Most safety features in new cars help to reduce accidents, but some of them can have the opposite effect, according to research by the Norwegian Institute of Transport Economics.

Research indicates that certain features in new cars may actually compromise safety

Most of the beeping, vibrating, and jerking in new cars save us from accidents. But safety features can also have the opposite effect, new research shows.

There are a whole bunch of safety features in new cars.

For example, you can get the car to maintain the same speed as the car in front of you. Then you don't have to brake when it brakes, and you don't have to press the gas when it does the same.

This is called adaptive cruise control.

Another function is called lane assist. It jerks the steering wheel when you drive a little too close to a ditch.

These are both functions that are supposed to make driving safer.

Most viewed

    But do they really do that?

    Can make us less attentive

    It turns out that most of the functions contribute to reducing accidents, says Vibeke Milch Uhlving. She is one of the researchers behind two new reports from the Norwegian Institute of Transport Economics (TØI).

    But there are also some functions that have the opposite effect.

    This includes the two mentioned above, adaptive cruise control and lane assist.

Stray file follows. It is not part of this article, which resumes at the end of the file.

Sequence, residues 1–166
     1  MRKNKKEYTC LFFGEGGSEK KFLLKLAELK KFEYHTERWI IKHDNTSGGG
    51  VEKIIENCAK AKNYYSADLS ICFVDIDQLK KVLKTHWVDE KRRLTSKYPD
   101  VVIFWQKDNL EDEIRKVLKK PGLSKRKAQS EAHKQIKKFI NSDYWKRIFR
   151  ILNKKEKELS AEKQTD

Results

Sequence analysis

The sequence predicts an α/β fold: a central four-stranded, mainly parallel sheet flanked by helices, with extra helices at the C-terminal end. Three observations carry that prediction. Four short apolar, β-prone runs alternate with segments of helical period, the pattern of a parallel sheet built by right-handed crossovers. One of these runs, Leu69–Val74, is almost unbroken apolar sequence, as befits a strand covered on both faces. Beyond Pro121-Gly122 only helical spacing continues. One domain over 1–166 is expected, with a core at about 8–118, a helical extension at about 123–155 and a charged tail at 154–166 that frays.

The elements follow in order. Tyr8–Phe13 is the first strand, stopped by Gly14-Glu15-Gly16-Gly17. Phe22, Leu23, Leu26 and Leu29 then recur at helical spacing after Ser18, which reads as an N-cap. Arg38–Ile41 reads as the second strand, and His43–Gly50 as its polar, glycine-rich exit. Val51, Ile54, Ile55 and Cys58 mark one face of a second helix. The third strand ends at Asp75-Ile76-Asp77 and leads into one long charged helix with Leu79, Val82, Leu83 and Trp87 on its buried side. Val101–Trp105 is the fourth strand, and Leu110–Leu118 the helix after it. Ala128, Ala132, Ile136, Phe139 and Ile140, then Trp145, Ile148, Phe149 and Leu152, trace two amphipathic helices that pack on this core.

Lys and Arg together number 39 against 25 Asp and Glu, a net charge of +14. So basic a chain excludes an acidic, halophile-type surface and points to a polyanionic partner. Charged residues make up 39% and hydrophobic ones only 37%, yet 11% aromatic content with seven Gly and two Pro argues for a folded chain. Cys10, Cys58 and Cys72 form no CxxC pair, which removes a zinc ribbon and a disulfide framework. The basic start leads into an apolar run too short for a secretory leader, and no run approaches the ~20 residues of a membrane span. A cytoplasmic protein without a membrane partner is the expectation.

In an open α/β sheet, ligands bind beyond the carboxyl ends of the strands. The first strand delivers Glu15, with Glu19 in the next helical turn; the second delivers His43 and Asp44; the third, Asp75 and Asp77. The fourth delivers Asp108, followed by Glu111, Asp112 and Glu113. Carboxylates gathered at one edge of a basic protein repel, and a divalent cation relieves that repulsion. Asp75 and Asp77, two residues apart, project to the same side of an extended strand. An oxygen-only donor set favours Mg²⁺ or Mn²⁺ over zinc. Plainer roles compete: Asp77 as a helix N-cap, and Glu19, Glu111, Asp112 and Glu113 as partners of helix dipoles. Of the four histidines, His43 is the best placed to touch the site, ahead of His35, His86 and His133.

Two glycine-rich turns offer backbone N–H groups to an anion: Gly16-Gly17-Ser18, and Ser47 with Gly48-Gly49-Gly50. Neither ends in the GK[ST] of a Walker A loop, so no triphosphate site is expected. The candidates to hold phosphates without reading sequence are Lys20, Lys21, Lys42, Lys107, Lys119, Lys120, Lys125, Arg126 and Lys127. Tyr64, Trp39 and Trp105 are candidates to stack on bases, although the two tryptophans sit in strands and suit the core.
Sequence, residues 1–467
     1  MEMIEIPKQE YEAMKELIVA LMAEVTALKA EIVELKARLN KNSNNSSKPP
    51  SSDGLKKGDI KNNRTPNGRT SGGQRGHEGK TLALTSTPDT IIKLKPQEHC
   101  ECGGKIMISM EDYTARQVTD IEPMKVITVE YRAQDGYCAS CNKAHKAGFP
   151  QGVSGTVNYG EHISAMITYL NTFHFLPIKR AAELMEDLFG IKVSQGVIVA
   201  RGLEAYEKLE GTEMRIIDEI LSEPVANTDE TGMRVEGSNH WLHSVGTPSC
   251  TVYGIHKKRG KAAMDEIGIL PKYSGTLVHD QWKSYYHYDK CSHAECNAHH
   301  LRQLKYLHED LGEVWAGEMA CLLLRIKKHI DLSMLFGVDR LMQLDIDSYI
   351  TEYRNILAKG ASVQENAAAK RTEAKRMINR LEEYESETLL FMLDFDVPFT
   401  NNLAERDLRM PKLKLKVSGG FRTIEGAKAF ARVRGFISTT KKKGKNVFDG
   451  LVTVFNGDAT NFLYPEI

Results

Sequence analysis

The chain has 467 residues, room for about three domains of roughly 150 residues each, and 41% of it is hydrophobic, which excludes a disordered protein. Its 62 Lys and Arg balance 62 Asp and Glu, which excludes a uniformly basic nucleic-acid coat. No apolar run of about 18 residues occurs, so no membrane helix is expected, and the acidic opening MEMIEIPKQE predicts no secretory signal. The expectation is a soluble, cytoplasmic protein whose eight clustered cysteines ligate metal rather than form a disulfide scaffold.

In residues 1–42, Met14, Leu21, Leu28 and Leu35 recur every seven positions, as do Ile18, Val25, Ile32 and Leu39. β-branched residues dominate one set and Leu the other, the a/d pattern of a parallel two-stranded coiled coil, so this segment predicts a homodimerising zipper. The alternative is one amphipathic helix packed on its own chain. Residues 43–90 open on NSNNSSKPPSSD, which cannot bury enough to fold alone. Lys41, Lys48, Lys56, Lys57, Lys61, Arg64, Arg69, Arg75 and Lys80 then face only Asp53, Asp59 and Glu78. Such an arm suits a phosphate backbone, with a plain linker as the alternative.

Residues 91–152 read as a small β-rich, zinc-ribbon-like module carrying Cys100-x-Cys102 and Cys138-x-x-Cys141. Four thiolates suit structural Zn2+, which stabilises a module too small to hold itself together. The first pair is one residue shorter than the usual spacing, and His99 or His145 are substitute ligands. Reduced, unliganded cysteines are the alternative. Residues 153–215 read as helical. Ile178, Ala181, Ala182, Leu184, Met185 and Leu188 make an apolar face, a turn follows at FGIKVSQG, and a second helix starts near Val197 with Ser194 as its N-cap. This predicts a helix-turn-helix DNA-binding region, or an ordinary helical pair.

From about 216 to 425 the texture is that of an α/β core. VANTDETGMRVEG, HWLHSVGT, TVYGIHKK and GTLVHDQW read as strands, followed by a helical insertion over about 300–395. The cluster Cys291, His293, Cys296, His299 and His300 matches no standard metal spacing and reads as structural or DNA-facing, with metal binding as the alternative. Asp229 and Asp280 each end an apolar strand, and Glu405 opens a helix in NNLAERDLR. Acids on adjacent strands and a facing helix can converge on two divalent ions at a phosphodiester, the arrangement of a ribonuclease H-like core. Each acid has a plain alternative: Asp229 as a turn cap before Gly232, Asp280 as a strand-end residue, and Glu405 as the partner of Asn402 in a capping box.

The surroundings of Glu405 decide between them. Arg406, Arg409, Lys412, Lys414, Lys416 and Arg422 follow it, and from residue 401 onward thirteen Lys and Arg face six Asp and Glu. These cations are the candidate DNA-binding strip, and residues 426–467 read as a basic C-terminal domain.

“They can actually contribute to the opposite – thus making us less safe. Because if we rely too much on the car braking, maintaining speed, and changing lanes for us, we divert our attention to things other than the traffic,” says Uhlving.

    Reaction time becomes longer

    So, we can become less attentive to what happens in traffic, and we might be more tempted to engage in other activities while driving.

    “When we monitor a process instead of doing it ourselves, we also take longer to engage with what’s happening. So, the reaction time becomes longer,” Uhlving tells

    There is therefore a big difference between keeping the car within the lane yourself and letting the lane assist function do it for you.

    Along with colleagues at TØI, Uhlving has reviewed research on the effects of the safety features in new cars and how they affect the number of accidents.

    Vibeke Milch Uhlving is a researcher in behaviour and safety at the Institute of Transport Economics (TØI), with a PhD in psychology.

    Uhlving emphasises that both adaptive cruise control and lane assist often do what they are supposed to do, namely helping drivers to maintain a good position on the road and maintain a steady speed.

    However, much of the research suggests that we become less vigilant when these systems take over these tasks for us than when we do them ourselves.

    Can confuse drivers

    Another thing that the researchers discovered is that drivers find the functions complicated. Often too complicated.

    “Many drivers don’t fully understand how the driver support systems work. This can lead to misconceptions, which in turn can lead to dangerous situations,” says Uhlving.

    Dagfinn Moe is a researcher at SINTEF. He has also looked at driver support functions, including in a Norwegian report from 2023.

    “The new report from TØI gives a good picture of the situation as we have also concluded,” he tells

    Should be a requirement when learning to drive